Even if an employee cannot be unilaterally ordered to work from home, more specific rules for home office may be adopted in the form of an internal regulation, which can be later referred to in individual home office agreements. On the plus side, the internal regulation can be unilaterally amended by the employer without the need to amend the individual agreements with employees.
Occupational health and safety (OHS) and fire protection (FP)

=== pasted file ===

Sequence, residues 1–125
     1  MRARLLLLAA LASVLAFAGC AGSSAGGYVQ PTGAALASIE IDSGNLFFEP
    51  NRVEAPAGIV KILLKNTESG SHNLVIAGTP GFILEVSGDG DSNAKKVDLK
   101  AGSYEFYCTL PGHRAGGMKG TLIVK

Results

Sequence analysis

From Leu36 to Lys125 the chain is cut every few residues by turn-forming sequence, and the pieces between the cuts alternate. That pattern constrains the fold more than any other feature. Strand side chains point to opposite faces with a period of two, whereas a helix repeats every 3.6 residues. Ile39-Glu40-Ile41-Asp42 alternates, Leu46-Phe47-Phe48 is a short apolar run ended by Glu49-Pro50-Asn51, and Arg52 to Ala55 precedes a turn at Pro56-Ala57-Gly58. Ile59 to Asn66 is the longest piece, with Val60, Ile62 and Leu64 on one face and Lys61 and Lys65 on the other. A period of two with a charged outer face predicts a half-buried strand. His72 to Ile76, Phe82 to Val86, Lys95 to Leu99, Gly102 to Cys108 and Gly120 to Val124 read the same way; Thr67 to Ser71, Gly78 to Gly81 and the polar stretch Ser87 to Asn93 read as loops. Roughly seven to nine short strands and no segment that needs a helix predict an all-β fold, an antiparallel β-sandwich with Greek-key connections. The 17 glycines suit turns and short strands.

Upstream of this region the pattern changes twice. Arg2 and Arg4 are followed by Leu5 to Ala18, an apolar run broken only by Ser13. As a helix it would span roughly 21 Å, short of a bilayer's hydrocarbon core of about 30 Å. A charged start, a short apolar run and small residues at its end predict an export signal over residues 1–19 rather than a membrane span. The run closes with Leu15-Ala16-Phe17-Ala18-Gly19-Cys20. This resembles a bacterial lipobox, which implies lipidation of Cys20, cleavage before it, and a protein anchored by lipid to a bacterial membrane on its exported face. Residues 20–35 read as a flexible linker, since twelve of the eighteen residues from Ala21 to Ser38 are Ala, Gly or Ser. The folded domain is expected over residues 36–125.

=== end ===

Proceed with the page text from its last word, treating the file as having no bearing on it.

The employer’s general obligation to ensure the occupational health and safety of employees also applies in the case of home office. The costs associated with ensuring the safety and health of employees working at home must be borne by the employer and these costs cannot be passed directly or indirectly to the employee. The employer should provide the employee with safe equipment to work, taking into account the type of work performed at home, provide the employee with regular OHS and FP trainings focused on the home environment and ideally ensure that the home environment of the employee complies with OHS and FP according to the law and internal regulations of the employer (upon the consent of the employee). Ideally, the employer should ensure revisions and inspections of technical devices in the home environment of the employee, e.g. electrical installation (wiring, sockets) and electric devices (PC, printer, kettle). However, employers often do not ensure such revisions and inspections, which can lead to serious problems when a work accident occurs.